Paranoid Penguin - Secure Anonymous FTP with vsftpd
If you want to have multiple virtual FTP servers residing on the same physical host, one with multiple IP addresses, vsftpd can do this easily. All you need to do is run multiple instances of the vsftpd dæmon, each with its own vsftpd.conf file specifying on which IP address to listen and which directory to use as its anonymous root.
For example, suppose I've got two IP addresses assigned to my machine, 126.96.36.199 and 188.8.131.52, registered in DNS to the names knusper and rover, respectively. In that case, I could have two configuration files for vsftpd, say, /etc/vsftpd.knusper and /etc/vsftpd.rover. Listings 2 and 3 show these files.
Listing 2. Virtual FTP Server Configuration File /etc/vsftpd.knusper
listen=YES listen_on=184.108.40.206 connect_from_port_20=YES anonymous_enable=YES anon_root=/srv/ftp/knusper ftpd_banner=Welcome to FTP at knusper.wiremonkeys.org. Behave!
Listing 3. Virtual FTP Server Configuration File /etc/vsftpd.rover
listen=YES listen_on=220.127.116.11 connect_from_port_20=YES anonymous_enable=NO ftpd_banner=Private FTP at rover.wiremonkeys.org. Strangers-B-gone. # DANGER: don't use the following unless you know what you're doing! local_enable=YES
Notice my possibly foolish use of the local_enable parameter in Listing 3. It's dangerous to set this to YES, because FTP logon credentials are sent in clear text. You never want to expose real system credentials to eavesdropping, especially if your server is Internet-connected. The real reason I show it here is to illustrate that because each virtual server uses its own configuration file, you can specify completely different behaviors for each. One virtual server may have a public uploads directory that anonymous users write to, whereas another may be a strictly read-only FTP site. Conversely, you need to take care that settings you consider to be important in preserving overall system security are set consistently between different virtual servers running on the same machine.
Besides creating different configuration files for each virtual FTP server you want vsftpd to serve up, you also need to alter your startup script accordingly. The startup script on my sample server, represented by Listings 2 and 3, would need something equivalent to these two lines:
vsftpd /etc/vsftpd.knusper vsftpd /etc/vsftpd.rover
If you run Red Hat or Fedora, this already has been taken care of for you. The /etc/init.d/vsftpd script included with those distributions' vsftpd RPM packages automatically parses the directory /etc/vsftpd for as many configuration files as you care to put there, so long as the filename of each ends with .conf. This strikes me as an excellent bit of foresight on the part of the Red Hat team.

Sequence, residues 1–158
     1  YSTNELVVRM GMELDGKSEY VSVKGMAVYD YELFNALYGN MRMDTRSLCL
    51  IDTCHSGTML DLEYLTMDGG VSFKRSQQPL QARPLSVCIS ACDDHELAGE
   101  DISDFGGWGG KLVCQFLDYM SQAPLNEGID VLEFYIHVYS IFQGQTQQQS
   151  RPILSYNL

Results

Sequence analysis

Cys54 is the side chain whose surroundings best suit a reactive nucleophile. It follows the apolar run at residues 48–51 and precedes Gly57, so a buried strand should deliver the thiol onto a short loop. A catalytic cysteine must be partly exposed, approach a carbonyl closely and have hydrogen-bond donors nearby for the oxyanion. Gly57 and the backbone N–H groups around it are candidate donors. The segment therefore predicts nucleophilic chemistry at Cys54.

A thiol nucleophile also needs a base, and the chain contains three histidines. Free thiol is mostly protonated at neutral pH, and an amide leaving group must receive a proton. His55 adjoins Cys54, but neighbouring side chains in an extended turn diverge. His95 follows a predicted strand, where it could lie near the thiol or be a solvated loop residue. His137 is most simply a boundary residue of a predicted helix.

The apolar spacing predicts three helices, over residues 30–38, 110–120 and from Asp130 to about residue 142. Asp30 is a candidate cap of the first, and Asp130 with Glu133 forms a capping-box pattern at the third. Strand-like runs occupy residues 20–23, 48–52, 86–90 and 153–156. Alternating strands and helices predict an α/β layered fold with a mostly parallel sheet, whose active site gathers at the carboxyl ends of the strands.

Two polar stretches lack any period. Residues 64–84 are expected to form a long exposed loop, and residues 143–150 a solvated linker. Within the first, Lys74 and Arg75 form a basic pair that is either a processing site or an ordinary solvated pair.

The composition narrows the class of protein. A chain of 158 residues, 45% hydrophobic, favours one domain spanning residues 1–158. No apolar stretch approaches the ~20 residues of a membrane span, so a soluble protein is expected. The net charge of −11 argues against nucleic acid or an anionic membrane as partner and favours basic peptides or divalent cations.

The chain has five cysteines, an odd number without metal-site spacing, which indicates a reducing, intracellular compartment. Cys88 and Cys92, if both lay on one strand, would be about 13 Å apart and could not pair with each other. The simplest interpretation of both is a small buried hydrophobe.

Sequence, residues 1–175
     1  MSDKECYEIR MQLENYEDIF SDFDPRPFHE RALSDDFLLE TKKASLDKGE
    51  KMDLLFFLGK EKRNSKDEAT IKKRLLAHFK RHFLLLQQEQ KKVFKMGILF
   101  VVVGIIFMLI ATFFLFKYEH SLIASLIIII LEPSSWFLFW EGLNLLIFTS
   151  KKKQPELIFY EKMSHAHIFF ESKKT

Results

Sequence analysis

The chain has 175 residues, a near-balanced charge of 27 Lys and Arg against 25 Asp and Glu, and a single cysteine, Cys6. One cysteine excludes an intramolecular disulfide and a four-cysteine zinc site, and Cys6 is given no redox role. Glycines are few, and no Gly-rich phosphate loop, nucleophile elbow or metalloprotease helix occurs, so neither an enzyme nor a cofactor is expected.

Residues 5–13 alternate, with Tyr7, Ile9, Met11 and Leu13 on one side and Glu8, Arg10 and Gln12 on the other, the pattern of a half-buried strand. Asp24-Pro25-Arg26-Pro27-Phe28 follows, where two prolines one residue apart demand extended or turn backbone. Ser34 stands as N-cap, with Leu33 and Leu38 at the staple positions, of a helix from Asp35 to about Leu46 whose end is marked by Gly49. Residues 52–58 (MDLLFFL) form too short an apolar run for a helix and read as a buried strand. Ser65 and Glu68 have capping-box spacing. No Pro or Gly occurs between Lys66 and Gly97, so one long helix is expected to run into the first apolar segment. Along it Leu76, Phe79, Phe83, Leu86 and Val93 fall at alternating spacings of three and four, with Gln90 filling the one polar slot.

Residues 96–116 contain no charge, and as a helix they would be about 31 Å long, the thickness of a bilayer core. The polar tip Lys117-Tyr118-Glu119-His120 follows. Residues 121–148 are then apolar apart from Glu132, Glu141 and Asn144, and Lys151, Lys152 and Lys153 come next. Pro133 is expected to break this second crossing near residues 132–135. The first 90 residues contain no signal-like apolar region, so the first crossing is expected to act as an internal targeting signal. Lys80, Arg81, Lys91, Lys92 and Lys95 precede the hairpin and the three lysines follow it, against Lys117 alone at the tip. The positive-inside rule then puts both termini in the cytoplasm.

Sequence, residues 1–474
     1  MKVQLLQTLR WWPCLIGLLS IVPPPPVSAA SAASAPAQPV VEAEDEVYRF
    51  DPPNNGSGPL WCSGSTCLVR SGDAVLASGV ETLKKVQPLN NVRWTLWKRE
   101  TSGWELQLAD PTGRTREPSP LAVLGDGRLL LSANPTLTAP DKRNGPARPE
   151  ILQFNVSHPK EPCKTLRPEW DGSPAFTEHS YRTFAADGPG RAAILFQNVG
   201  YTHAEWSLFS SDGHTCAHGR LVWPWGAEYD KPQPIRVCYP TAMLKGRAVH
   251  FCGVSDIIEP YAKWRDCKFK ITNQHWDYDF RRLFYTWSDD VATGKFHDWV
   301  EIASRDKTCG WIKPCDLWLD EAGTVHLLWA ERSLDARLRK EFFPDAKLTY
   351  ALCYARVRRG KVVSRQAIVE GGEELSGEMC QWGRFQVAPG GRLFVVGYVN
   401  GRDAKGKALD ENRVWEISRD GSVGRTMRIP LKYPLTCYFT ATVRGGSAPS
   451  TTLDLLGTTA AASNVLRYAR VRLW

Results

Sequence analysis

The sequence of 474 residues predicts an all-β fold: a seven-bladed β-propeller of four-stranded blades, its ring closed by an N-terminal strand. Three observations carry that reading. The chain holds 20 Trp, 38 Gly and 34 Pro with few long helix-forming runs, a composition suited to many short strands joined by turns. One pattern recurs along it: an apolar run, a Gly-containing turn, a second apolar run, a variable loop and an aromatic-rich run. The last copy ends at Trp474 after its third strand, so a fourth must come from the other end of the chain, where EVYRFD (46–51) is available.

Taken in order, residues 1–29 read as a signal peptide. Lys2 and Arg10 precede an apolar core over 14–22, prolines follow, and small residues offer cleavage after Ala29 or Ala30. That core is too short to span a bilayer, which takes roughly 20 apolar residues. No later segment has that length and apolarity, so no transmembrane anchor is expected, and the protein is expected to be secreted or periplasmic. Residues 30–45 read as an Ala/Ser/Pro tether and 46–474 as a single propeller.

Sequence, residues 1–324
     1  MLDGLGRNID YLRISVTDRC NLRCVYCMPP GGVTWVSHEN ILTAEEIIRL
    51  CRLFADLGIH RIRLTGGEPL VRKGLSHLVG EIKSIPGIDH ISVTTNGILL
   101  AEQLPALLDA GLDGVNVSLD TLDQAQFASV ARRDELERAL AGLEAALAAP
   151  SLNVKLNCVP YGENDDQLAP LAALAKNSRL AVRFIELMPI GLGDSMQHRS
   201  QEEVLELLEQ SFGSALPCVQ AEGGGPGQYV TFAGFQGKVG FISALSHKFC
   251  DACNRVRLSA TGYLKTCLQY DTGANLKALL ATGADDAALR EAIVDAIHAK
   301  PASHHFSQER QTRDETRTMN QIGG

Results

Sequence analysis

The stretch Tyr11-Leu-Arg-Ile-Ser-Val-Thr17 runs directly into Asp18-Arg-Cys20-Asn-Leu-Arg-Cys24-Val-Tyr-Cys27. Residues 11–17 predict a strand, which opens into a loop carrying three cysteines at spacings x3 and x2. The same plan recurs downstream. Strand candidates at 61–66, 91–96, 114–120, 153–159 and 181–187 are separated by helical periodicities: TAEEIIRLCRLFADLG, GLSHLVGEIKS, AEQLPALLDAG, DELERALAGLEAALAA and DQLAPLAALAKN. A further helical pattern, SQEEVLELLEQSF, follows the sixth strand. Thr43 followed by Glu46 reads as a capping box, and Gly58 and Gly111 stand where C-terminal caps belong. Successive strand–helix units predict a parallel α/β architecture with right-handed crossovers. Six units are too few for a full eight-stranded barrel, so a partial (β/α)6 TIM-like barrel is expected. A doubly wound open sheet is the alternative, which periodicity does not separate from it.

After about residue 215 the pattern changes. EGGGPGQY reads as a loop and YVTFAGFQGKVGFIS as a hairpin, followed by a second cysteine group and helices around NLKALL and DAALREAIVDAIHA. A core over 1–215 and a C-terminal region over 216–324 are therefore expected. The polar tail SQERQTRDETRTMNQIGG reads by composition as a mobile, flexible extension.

That's all you need to know about setting up a simple and secure anonymous FTP server with vsftpd. As I mentioned, I've only covered a subset of what vsftpd is capable of doing. Despite its minimalist design philosophy, this is a powerful FTP server indeed. Fortunately, it's also well documented, so it's really no cop-out for me to refer you to the vsftpd.conf(5) man page and the EXAMPLE/ directory for information on the many other uses of vsftpd.
Mick Bauer, CISSP, is Linux Journal's security editor and an IS security consultant in Minneapolis, Minnesota. He's the author of Building Secure Servers With Linux (O'Reilly & Associates, 2002).
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July 20, 2016 12:00 pm CDT
One of the best things about the UNIX environment (aside from being stable and efficient) is the vast array of software tools available to help you do your job. Traditionally, a UNIX tool does only one thing, but does that one thing very well. For example, grep is very easy to use and can search vast amounts of data quickly. The find tool can find a particular file or files based on all kinds of criteria. It's pretty easy to string these tools together to build even more powerful tools, such as a tool that finds all of the .log files in the /home directory and searches each one for a particular entry. This erector-set mentality allows UNIX system administrators to seem to always have the right tool for the job.
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